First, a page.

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Functional plasticity in CNS system
Kurt Haas, Department of Cellular and Physiological Sciences, Brain Research Centre, University of British Columbia, Vancouver, BC, Canada,
Hollis T. Cline, Cold Spring Harbor Laboratory, Cold Spring Harbor, NY, USA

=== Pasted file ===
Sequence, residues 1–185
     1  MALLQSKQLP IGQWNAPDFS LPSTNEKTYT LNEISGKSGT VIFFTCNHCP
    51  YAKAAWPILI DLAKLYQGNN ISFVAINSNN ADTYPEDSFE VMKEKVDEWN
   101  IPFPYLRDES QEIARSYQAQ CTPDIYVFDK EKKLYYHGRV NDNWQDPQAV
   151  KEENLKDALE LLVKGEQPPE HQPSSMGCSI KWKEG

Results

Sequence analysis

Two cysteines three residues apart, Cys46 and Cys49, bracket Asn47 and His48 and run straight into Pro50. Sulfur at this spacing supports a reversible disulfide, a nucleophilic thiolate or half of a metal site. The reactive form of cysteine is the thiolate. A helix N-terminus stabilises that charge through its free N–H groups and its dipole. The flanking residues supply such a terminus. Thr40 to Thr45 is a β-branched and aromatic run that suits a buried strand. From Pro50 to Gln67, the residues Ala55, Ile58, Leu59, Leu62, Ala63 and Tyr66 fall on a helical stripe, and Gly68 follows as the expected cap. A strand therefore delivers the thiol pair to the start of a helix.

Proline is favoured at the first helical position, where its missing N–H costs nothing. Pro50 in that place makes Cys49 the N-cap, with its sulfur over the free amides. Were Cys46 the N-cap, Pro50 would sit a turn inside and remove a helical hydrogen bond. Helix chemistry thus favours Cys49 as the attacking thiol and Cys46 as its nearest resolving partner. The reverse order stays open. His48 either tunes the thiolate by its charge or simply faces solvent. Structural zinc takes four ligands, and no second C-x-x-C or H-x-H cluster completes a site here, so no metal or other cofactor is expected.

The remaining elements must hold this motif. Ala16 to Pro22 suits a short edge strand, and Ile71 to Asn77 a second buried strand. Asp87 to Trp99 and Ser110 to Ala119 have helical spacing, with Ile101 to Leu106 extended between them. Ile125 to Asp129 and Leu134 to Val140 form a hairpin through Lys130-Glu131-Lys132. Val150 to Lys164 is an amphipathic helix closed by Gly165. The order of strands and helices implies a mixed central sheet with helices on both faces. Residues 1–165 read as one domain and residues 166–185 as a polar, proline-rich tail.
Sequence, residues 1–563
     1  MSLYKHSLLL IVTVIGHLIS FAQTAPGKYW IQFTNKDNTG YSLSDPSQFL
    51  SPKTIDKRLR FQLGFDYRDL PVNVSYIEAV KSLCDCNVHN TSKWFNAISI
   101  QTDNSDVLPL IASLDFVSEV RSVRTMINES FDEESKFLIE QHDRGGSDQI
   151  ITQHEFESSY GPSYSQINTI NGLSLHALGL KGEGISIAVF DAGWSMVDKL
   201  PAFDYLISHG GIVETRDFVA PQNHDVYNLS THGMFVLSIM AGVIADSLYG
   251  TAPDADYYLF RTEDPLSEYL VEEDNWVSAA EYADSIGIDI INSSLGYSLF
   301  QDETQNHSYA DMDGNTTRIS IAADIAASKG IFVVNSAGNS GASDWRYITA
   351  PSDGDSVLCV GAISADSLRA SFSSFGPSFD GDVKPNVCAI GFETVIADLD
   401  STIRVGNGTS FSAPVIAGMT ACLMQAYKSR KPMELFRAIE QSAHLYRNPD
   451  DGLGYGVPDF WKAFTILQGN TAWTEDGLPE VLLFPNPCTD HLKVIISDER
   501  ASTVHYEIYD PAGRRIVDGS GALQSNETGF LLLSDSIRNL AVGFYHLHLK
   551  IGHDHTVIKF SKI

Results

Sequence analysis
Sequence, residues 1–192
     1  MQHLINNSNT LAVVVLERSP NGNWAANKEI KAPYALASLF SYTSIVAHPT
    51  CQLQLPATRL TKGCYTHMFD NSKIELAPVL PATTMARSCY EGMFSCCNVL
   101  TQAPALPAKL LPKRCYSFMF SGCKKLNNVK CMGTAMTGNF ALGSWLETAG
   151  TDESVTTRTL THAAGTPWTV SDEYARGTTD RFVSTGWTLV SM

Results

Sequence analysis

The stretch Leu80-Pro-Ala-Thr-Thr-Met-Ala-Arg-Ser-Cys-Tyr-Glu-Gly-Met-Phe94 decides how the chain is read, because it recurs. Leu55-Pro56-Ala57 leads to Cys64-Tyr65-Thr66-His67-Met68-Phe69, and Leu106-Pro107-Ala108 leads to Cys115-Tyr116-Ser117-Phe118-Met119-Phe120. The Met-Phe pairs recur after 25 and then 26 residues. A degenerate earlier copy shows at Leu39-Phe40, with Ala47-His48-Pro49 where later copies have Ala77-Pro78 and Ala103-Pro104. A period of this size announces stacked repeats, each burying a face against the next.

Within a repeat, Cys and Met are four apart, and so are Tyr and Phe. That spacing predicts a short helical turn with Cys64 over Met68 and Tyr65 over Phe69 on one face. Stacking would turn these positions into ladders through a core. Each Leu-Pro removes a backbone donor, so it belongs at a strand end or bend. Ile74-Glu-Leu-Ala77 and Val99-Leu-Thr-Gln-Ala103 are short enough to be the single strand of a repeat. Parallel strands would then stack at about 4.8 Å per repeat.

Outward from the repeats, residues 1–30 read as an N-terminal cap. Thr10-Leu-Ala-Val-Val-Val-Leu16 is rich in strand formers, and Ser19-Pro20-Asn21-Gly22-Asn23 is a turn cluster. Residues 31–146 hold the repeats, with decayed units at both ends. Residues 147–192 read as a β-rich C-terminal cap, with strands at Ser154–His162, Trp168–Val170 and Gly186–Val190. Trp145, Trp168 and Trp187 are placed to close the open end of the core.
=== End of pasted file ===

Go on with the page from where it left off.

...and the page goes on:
This chapter discusses current knowledge of how precisely ordered afferent synaptogenesis occurs during development. It also explains the potential for reforming functional circuits by correct rewiring during regeneration. Most of the knowledge of the mechanisms involved in establishing circuits between distant central nervous system (CNS) neuronal populations comes from studies of the axonal projection from the eye to central brain targets. The output neurons of the eye are the retinal ganglion cells (RGCs), whose axons exit the eye as the optic nerve, cross the midline at the optic chiasm, and innervate central brain structures. RGCs in fish and frogs survive optic nerve lesion and sprout new axonal extensions that correctly navigate to the tectum, reform the retinotectal map, and demonstrate visual responsivity. Regeneration recapitulates a critical period of heightened plasticity during which activity-dependent mechanisms mediate map refinement through pruning of ectopic axonal branches.
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